Yesterday you read about Gustave Caillebotte’s life. Today, his art.
Besides contributing money and time to develop Impressionism in France, Caillebotte became respected as a painter in his own right. Actually, he is among my favorites. I love The Floor Scrapers, shown above, and Paris Street, Rainy Day, shown below. The Floor Scrapers is part of the permanent collection of the Musee d'Orsay in Paris. (This is where I saw it and fell in love.) Paris Street, Rainy Day is part of the Art Institute of Chicago’s permanent collection (free admission in February!)
Influenced by photography, a new technology in the late-1800s, Caillebotte’s paintings are markedly realistic. Because a photo was a frozen moment that could be studied, photography allowed painters to see the way light fell and the way it affected subjects. Look at the way the pools of rain between the cobblestones shine in Paris Street, Rainy Day. Notice, also, that the bleached sky reflects on the slick stones themselves.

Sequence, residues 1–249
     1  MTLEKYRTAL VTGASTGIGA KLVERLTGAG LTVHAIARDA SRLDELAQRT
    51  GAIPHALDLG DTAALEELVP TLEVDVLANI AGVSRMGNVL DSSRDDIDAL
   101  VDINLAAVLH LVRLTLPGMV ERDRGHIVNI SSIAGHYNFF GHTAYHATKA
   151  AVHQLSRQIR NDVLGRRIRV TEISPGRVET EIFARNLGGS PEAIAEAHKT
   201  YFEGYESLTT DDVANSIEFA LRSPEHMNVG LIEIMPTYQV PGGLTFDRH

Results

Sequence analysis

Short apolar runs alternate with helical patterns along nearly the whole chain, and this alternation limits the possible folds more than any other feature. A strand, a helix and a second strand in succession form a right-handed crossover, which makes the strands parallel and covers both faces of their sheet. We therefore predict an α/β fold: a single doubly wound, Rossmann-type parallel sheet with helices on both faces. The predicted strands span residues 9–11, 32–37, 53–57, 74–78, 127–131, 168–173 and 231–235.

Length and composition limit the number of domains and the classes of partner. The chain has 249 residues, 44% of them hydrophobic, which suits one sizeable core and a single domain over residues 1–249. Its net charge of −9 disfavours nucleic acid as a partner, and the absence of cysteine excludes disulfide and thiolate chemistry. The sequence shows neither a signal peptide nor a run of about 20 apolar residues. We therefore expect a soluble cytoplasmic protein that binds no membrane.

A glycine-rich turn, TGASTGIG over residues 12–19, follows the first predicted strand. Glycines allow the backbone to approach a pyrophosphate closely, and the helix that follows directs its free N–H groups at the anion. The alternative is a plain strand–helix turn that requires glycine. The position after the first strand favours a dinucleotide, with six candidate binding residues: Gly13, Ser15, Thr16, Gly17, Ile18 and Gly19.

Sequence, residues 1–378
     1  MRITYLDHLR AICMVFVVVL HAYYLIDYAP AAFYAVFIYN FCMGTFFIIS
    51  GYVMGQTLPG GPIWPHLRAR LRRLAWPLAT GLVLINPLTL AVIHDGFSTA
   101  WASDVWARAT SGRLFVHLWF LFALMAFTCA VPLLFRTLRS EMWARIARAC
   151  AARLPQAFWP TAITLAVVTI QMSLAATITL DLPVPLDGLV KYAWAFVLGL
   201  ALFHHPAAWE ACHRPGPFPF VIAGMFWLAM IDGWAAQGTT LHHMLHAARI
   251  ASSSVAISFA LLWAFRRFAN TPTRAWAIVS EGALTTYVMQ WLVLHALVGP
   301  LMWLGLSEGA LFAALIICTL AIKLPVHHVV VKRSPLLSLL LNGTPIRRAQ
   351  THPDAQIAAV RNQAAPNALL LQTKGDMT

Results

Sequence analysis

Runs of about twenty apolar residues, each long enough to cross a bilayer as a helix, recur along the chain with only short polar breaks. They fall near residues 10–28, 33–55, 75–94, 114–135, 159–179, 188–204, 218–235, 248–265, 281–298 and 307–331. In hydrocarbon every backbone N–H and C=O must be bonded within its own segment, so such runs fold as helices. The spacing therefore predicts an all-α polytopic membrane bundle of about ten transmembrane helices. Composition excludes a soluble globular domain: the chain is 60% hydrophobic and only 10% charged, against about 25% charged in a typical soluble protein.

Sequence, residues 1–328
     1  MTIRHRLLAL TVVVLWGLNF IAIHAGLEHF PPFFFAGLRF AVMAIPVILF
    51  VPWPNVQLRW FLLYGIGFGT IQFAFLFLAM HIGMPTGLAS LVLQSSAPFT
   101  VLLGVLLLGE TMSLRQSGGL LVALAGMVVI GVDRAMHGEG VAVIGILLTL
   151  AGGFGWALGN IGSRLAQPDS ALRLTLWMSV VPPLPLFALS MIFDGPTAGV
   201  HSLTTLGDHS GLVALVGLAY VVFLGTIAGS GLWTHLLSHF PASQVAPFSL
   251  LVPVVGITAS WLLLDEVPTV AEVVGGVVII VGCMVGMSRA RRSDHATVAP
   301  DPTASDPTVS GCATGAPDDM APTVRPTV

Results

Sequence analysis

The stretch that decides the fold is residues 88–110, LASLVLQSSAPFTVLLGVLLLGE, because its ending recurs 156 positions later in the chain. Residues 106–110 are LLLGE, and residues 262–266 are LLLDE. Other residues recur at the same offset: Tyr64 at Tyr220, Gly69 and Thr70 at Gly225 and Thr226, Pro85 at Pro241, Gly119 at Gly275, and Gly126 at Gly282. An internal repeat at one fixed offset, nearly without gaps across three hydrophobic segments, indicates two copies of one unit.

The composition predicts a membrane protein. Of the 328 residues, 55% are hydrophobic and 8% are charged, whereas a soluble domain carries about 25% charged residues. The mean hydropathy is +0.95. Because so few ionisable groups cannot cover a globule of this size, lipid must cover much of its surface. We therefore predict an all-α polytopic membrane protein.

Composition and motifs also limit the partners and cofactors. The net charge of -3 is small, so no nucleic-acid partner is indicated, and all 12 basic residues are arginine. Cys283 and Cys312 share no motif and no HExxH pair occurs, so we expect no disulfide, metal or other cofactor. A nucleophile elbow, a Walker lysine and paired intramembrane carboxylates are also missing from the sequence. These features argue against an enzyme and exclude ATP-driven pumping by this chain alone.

One other aspect of Caillebotte’s work that you should notice is the way the scenes often look tiled downward toward the viewer. Look again at Paris Street, Rainy Day and notice that the street seems to curve up. Look also at The Floor Scrapers for another example. Most of Caillebotte’s work is like this. Below is a third example of tilted perspective, Sculls.
EDITED: I have corrected the main text of this post. The Floor Scrapers is not on display at the Phillips Collection. I was mistaken. They are showing Small Branch of the Seine at Argenteuil which is also a great painting by Caillebotte and a fantastic example of the way he painted the effects of light. I still recommend checking out the exhibit, Degas to Diebenkorn!